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Body Safety Conversations with Youth

By Tara Dale, LISW-S
Throughout the year, kids will engage in a variety of activities and interact with many different people through home, school and other extracurricular and community activities. While managing a busy family schedule, it’s important for caregivers to have open communication with their kids about body safety and the importance of speaking up when they feel unsafe with others. This will help empower your child to feel confident and better prepared to handle difficult situations and seek help if an unsafe situation occurs.

It is estimated that 1 in 10 children will experience sexual abuse before the age of 18 (Darkness to Light, 2013). More than 90% of the perpetrators of abuse are known to the child, including family and acquaintances ( Caregivers should begin having talks with their children about body safety early. This will foster honesty and trust with hard conversations and allow you to address concerns efficiently should they arise. Here are some ways caregivers can have talks with their children about body safety in age-appropriate ways:

  • Let your child know that you’re a safe person they can talk to, ask questions, and disclose information to without feeling guilty or having consequences.
  • Help your child identify other trusted adults they can talk to if they experience an unsafe situation. This can be family, close friends and teachers if they feel uncomfortable sharing any information with you.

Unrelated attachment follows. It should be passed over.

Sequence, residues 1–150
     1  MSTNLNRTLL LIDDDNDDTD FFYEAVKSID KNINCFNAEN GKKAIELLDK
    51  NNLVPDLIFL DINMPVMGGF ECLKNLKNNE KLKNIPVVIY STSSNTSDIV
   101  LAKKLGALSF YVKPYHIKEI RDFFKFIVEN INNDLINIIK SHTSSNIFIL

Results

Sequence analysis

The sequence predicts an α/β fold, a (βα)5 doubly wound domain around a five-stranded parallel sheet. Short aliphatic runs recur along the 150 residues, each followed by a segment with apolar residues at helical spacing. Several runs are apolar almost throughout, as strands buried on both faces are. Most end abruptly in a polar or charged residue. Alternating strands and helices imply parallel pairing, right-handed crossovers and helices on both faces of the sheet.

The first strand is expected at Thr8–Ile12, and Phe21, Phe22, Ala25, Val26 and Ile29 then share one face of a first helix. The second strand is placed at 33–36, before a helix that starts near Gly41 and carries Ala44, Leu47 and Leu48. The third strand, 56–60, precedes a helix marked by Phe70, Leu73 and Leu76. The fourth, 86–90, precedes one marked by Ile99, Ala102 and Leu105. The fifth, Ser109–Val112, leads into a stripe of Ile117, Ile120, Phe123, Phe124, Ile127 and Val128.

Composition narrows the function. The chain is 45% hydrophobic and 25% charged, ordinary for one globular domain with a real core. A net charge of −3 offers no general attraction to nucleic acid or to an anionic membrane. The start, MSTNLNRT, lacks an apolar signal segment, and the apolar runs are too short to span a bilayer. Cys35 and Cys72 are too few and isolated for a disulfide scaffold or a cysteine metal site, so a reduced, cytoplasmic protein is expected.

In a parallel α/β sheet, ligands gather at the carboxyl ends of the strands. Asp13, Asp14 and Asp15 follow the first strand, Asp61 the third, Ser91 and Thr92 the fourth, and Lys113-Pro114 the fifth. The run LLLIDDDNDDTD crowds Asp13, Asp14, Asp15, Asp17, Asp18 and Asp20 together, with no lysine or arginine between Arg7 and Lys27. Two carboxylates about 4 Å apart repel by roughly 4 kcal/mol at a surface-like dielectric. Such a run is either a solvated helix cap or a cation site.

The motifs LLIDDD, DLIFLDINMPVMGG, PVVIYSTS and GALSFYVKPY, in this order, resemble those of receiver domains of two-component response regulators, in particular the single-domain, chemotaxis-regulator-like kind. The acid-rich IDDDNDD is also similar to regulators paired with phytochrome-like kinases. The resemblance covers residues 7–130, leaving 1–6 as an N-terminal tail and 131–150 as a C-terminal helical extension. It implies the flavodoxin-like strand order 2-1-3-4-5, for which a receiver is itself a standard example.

• Teach your child to use proper names for body parts. You can talk about body safety without discussing sexuality with children. Using nicknames for body parts can create confusion for the child and limit yours or other trusted adult’s ability to adequately determine when an unsafe situation has occurred.
  • Talk to your child about the difference between “safe” and “unsafe” touch. Try to avoid identifying touching as “good” or bad” to minimize feelings of guilt. A handshake, “high 5” and hugs are examples of safe touches. Some examples of unsafe touches would be touching areas that are typically covered by underwear and bathing suits.
  • Talk to your child about the difference between surprises and secrets. Sometimes loved ones will have surprises for each other. Surprises make people happy. Secrets can make others unhappy or upset. Tell your child that no one should ask them to keep secrets, especially about body parts. Encourage them to tell you or another trusted adult if anyone asks them to keep a secret from you.
  • Whenever possible minimize situations where your child is alone and unsupervised in a 1-on-1 interaction with another person.

Be patient and listen when they are sharing their experiences. Ask questions to help gather information and try to avoid interrogating them about the situation, which may increase feelings of shame and worry.
If you suspect that abuse has occurred, immediately contact (513)241-KIDS in Hamilton County or your local children’s services agency or bring your child to the nearest emergency department for additional support. You can also contact CCHMC’s Mayerson Center for Safe and Healthy Children at (513) 636-SAFE (7233) for additional guidance and support.

Body Safety Conversations With Youth
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